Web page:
An expressive model for comparing tree-structured
Technical Report, Stanford University Database
We study the problem of comparing tree-structured data. This problem has applications in several diverse
fields, including molecular biology, natural language processing, image and pattern matching, program
analysis, document management, and change management in databases [SZ90, NBR88, WZJS94, WCM+94,
Yan91, WSC+97, C3]. Our interest in this problem stems from implementing a subscription service that
detects database changes by periodically querying an external database and checking the results for new
changes [CGL+97]. For example, consider a Web site listing local entertainment events [EG]. Our prototype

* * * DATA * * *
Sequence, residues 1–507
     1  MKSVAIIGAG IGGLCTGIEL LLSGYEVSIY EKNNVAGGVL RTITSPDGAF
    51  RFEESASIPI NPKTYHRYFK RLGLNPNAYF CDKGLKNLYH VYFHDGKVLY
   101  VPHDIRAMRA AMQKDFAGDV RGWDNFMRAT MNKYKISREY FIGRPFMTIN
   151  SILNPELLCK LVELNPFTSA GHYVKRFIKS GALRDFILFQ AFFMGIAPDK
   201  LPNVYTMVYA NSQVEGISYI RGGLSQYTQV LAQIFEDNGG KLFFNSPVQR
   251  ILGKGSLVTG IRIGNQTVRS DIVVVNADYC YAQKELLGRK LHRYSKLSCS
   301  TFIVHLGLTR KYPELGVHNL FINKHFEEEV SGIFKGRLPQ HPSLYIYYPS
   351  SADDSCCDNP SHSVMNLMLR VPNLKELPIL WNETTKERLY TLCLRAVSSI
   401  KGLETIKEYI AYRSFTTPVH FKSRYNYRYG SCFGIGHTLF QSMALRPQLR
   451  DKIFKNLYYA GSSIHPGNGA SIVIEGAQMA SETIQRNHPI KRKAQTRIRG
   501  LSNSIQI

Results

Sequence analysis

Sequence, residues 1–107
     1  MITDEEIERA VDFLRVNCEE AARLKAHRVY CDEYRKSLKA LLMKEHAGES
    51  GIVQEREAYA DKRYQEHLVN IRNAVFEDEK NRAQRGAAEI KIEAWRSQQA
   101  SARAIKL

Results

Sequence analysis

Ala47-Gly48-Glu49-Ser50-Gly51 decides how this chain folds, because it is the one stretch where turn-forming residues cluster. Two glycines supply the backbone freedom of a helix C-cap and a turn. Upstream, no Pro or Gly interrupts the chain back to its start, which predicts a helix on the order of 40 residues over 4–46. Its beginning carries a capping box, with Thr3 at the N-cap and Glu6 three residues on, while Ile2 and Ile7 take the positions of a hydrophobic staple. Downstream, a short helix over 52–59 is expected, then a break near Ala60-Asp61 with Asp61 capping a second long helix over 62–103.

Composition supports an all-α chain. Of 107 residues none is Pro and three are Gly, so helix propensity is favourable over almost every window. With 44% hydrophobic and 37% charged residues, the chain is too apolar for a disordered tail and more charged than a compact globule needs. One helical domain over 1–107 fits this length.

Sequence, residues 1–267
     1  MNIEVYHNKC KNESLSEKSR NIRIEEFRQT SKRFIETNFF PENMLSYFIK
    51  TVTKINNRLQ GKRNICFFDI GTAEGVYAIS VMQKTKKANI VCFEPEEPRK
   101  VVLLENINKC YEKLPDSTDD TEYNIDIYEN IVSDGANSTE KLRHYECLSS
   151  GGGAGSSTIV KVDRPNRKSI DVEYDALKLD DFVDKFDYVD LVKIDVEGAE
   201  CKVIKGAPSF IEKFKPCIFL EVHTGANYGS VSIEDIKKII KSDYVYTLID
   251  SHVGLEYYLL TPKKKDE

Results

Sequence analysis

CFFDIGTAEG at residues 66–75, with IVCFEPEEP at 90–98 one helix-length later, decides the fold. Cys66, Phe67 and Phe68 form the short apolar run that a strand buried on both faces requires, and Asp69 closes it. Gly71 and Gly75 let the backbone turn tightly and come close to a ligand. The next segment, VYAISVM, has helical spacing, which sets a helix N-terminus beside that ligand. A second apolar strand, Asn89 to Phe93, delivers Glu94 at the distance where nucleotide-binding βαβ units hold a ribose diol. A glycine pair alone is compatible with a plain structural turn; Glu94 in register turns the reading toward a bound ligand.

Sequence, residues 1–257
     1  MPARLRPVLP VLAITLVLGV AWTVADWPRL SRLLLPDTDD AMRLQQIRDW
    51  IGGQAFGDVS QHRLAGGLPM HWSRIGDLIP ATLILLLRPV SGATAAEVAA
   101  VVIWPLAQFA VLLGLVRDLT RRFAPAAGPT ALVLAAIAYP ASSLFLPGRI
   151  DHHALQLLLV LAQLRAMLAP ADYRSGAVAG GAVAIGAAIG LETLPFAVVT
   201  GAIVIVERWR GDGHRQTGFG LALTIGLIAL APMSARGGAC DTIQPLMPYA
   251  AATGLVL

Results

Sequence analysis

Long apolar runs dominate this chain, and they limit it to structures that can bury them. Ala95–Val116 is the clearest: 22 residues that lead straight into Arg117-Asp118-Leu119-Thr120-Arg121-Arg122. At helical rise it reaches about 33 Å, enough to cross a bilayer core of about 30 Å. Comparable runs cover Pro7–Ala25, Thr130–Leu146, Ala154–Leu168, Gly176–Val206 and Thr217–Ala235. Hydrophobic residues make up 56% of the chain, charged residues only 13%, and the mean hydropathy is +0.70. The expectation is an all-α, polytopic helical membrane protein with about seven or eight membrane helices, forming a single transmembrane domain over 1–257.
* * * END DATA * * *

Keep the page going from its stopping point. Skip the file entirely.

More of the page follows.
allows a user to subscribe to certain changes e.g., the cancellation or rescheduling of an event. The prototype
periodically queries the event listings, and uses a tree-differencing algorithm to detect changes in the results.
Our goal is to find a compact representation of the changes between two trees. If we use linear edit
scripts, our goal is to find a "minimum-cost" script that transforms the first tree into one that is isomorphic
to the second. We assign costs to operations and look for a minimum-cost script to ensure that the script
does not do more work than needed. Unfortunately, this traditional method of describing changes using
linear edit scripts has several problems when used with subtree operations such as moves and copies.